Hill keeps mind on main point

The planes of Damon Hill's face remained set like a poker player's yesterday, betraying none of the inner tension that he will undoubtedly be feeling as he prepares for the final push to the top of a mountain twice conquered by his father, Graham.

He spoke quietly of his feelings before Sunday's Japanese Grand Prix, which will decide the outcome of a world championship that seemed his for the asking at the mid-season point. Outwardly he appeared calm and confident, as if he had not fluffed similar chances in the recent races in Hungary and Italy, and by his own hand prolonged the fight until this final stage.

Shrugging thoughts of the championship from his mind has not been easy, he admitted, in the weeks since his failure to capitalise on early advantages at both the Hungaroring and Monza. "I would be lying if I said that it hadn't taken a conscious effort not to be thinking about winning the championship," he said. "Now I'm here I know I can go into my race routine, and things take care of themselves from that point onwards."

Jackie Stewart, three times the world champion, recently advised Hill to adapt a "pretty damn canny" approach if he found he were unable to lead Sunday's race, and Hill pondered the tactics he would employ to defeat his team-mate and sole rival, Jacques Villeneuve. "I certainly have to take into account that the championship is paramount. To win another race would be great but not as great as winning the championship, so there is a little bit of weighing up to do in mind whether I want to take more risk and tackle it with a view to winning the race, or to ensure that I finish in the points in order to win the title. But I'm always nervous about taking a cautious approach because sometimes that throws up other difficulties."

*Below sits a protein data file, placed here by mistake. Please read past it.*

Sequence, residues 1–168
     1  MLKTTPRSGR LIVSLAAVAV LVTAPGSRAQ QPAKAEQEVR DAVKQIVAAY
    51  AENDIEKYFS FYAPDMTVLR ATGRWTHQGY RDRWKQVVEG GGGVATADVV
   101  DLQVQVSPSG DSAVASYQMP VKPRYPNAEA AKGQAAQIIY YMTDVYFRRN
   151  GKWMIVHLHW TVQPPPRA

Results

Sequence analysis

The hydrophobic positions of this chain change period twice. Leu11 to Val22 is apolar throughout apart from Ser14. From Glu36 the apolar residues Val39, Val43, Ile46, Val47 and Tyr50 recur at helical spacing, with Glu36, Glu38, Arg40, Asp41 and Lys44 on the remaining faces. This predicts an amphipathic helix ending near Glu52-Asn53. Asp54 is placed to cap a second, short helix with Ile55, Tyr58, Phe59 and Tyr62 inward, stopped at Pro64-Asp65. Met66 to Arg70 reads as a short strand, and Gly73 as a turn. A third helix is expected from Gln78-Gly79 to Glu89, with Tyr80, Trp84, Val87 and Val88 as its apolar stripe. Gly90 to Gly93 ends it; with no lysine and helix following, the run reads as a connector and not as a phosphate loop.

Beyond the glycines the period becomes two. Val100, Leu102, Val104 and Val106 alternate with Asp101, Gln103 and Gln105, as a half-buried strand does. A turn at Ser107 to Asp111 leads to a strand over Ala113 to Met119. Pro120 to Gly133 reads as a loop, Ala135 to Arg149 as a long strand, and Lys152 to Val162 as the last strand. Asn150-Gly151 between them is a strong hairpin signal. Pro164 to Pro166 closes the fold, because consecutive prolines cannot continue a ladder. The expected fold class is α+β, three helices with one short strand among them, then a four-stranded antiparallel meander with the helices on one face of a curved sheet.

He admitted that easing his concentration had proved his downfall at Monza, and added: "The best position to be in in any grand prix is in the lead. You are much more in command of what's going on. But if I'm running in the points I'll be very, very happy and will concentrate on finishing there."

His ace is the knowledge that Villeneuve must win without his rival scoring a point, whereas all he needs is sixth place. It is a strong psychological advantage.

"Jacques has the pressure on him. There's no way he can win the championship unless he wins the race. Whereas at least I have some options. But there's always pressure at a grand prix, and the thing for me is that I know that I can become world champion on Sunday. It's a motivating factor as much as anything."

Suzuka, a fast, twisting circuit that rewards daring and improvisation, has given Hill his greatest and lowest races. In 1994, he beat Michael Schumacher fair and square in dire conditions. Last year, he crashed ignominiously. He loves the track. "It's tremendous, and I'll never forget that race in 1994. It was one of the most difficult I have ever done, and one of the most satisfying. And this race will certainly live up to expectations of being The Event."

Although he detests the idea that his entire career has distilled to this one point on which achievements of the past will be judged, he is sufficiently rounded now to accept the focus the world has placed on his performance this weekend. He smiled. "My whole purpose has been to win a championship, by winning races, and I have the opportunity on Sunday to do that. I expect that there will be a lot said after Sunday... I hope that most of it will be saying that Damon Hill is world champion."

Have you tried new the Independent Digital Edition apps?
Caption competition
Caption competition
  • Get to the point
Latest stories from i100
Daily Quiz
Independent Dating

By clicking 'Search' you
are agreeing to our
Terms of Use.

Career Services
iJobs Job Widget
iJobs General

Recruitment Genius: Project Implementation Executive

£18000 - £23000 per annum: Recruitment Genius: They work with major vehicle ma...

Recruitment Genius: Chiropractic Assistant